can save tax dollars
Anyone who owns investment or business property
in a high-growth area knows what happens to the tax bill when property
values go up, especially if they've had the property for a long
time and taken deductions for depreciation.
"They can't afford to sell because
the tax bill will be more than the profit," says Jay Gordon,
chair of the tax law department for the New York office of Greenberg
Traurig LLP. "That's what I call tax-locked. They want to get
rid of the property, but they can't afford to do it. I don't feel
sorry for them because they got all these benefits over the years,
but none of my clients see it that way."
Big investors aren't the only ones who
get caught in this kind of jam, though. All across the country,
housing developments and shopping centers are popping up on what
used to be pastures and fields for crops. For family farmers struggling
to make a living, the chance to lead a comfortable, less backbreaking
life is very attractive, until they see what the capital gains taxes
will be on ground that was bought for a few dollars an acre and
has increased in value by a thousand fold.
That's why like-property exchanges are so popular. Falling under
section 1031 of the tax code, like-property exchanges offer business
owners or investors a way to trade their property for something
of similar value without reporting a profit and, thereby, defer
paying taxes on the gain.
It could be a chicken farm or a piece
of rental property. With tangible property, it could be a company
vehicle or a piece of machinery, although these can present a real
problem for business owners because the depreciation on equipment
is much faster than on real estate. You may be able to write off
the entire value of a computer system in two years, so even if you
sell it for less than you paid for it, it would still show up as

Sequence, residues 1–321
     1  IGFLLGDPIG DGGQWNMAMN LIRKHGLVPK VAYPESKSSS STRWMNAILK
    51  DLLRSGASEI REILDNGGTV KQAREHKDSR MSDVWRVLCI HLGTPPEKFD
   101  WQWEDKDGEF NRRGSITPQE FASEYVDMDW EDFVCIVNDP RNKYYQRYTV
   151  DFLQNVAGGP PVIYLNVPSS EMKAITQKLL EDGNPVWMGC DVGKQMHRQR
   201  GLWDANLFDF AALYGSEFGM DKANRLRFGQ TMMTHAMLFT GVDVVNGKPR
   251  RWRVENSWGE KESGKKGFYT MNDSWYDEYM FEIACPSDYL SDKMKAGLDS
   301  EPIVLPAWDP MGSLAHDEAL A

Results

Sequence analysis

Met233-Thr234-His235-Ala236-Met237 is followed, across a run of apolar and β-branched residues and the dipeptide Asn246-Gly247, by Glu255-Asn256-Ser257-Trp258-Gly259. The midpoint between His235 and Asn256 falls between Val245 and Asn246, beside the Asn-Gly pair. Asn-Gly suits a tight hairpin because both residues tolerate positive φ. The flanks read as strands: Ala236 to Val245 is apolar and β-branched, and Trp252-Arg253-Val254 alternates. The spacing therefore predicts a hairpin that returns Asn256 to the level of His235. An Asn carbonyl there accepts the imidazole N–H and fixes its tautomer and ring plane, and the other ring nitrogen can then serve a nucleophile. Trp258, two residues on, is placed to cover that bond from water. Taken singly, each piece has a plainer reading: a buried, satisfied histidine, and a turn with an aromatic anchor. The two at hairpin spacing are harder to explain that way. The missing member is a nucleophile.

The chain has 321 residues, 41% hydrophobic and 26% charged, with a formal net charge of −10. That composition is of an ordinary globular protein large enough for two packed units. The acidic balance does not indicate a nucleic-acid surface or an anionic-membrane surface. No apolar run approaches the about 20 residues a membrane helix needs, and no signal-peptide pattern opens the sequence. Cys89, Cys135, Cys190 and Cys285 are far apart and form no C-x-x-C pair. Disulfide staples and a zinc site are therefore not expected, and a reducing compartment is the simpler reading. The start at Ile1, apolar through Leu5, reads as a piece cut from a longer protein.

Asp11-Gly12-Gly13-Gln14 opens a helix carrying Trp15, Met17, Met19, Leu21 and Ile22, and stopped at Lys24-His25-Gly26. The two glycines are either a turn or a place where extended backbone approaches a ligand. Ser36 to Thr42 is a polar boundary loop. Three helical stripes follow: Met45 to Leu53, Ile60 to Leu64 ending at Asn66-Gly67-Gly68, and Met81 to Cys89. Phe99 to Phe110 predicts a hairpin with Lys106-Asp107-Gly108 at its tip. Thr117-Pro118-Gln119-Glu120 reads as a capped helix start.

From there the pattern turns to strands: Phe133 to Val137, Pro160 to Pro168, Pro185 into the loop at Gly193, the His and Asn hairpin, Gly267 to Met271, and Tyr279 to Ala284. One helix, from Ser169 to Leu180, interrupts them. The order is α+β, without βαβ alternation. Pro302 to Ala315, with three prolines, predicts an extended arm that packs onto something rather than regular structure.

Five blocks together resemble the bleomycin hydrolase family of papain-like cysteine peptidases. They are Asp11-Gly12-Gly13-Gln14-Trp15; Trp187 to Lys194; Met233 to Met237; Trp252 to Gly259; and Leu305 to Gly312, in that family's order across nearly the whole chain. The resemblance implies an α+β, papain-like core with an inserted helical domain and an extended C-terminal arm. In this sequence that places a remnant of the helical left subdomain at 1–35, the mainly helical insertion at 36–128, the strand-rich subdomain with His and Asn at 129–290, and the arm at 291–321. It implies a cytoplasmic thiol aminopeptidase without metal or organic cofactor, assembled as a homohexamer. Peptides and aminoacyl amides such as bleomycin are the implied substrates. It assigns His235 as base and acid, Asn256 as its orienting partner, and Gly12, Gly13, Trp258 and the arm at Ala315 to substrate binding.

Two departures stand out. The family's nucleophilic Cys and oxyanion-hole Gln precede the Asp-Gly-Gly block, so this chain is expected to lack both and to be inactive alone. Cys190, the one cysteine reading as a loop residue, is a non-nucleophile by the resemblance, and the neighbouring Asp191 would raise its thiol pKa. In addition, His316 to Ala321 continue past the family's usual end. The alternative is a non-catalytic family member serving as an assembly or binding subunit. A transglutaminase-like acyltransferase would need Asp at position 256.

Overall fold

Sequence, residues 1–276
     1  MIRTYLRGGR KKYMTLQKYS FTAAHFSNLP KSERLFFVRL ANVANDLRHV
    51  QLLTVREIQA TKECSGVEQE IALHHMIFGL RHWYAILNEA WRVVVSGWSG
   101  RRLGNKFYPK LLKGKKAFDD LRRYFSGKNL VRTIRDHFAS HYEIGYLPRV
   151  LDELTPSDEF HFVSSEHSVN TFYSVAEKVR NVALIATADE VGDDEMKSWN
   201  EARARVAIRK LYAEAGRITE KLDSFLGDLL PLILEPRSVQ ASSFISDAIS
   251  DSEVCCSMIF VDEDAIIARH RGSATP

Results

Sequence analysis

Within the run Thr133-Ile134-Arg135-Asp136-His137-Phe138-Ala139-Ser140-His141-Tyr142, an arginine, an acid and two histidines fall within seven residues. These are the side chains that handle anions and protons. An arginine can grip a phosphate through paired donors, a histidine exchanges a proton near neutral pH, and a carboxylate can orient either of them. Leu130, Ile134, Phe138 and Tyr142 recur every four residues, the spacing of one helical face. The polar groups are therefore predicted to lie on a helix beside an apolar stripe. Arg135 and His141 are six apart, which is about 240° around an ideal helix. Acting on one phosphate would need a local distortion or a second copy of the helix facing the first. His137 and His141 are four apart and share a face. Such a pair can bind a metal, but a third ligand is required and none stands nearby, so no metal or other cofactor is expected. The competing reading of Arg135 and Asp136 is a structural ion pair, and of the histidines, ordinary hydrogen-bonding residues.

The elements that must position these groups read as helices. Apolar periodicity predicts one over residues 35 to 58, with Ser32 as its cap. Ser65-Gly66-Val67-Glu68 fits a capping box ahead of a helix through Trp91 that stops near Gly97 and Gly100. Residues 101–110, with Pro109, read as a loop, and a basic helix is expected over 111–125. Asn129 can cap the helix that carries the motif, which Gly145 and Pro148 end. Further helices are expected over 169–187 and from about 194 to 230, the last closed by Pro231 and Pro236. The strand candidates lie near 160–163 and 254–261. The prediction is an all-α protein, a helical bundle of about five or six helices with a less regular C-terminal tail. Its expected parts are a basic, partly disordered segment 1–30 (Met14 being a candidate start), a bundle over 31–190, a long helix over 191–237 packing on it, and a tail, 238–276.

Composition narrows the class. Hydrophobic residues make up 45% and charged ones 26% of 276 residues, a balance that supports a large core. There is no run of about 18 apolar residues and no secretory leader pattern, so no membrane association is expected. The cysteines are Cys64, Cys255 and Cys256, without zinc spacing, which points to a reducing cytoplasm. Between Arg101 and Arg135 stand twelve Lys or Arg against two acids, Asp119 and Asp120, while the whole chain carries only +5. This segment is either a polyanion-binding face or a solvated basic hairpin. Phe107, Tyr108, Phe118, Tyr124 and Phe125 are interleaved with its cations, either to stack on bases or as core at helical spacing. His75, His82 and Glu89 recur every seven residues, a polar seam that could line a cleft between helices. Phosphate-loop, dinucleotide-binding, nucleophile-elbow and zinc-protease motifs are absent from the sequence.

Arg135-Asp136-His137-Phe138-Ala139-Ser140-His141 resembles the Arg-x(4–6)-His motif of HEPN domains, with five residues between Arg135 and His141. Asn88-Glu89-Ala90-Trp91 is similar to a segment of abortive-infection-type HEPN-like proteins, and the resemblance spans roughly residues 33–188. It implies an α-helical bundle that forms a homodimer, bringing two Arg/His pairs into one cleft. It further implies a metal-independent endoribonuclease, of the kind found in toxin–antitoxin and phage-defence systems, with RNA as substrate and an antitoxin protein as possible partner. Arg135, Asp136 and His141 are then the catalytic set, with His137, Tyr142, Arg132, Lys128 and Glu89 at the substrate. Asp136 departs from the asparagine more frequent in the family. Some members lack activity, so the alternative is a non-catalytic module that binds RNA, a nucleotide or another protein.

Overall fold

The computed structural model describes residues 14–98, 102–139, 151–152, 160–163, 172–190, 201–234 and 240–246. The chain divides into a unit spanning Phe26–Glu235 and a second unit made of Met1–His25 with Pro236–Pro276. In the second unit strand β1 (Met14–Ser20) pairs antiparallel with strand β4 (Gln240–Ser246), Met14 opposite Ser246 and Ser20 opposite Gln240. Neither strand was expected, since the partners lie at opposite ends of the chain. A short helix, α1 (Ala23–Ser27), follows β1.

a gain on your taxes.
"Like-kind exchanges have been in
the tax code for a long time," says Prof. William Raabe, a
professor of accounting at Samford University in Birmingham, Ala.,
and the author of several taxation textbooks. "Really, what's
at the base of it is Congress thinks you can make good investment
decisions and doesn't want the tax law to get in the way. If you're
in the same investment position before and after the sale, you shouldn't
be taxed. They'll wait until you cash out down the road. If there's
really no cash on the table, how do you pay the tax?"
That doesn't mean, though, that you sit
down with another property owner and just trade deeds or titles.
It would be virtually impossible to find another person with investment
property or equipment of identical value who wants to make a swap.
There are a few major rules to follow. The way the tax code is written,
you've got 45 days from the time you sell a piece of property to
identify what you're going to buy in exchange, and 180 days -- or
the due date of your tax return with extensions, whichever is shorter
-- to make the exchange.
Also, the taxpayer can't actually receive
any cash from the sale.
"The thing people have to understand,
and they don't like to understand it, is that to make an exchange
work that's not simultaneous, the taxpayer can't touch the money,"
Gordon says. "If I sell the property, the proceeds have to
go to a qualified intermediary. You have to intend to complete an
exchange from the beginning."
Another important rule is you can only
exchange property held for investment or for business use. That
excludes your personal house or a vacation house, unless you rent
it out. You also can't exchange inventory, a partnership interest
or stocks and bonds.
The biggest problem most people have
in doing a 1031 exchange, Gordon says, is finding a replacement
property. As a result, there's an entire industry within real estate
of qualified intermediaries, or QI's, that locate properties for
like-kind exchanges and handle the transactions.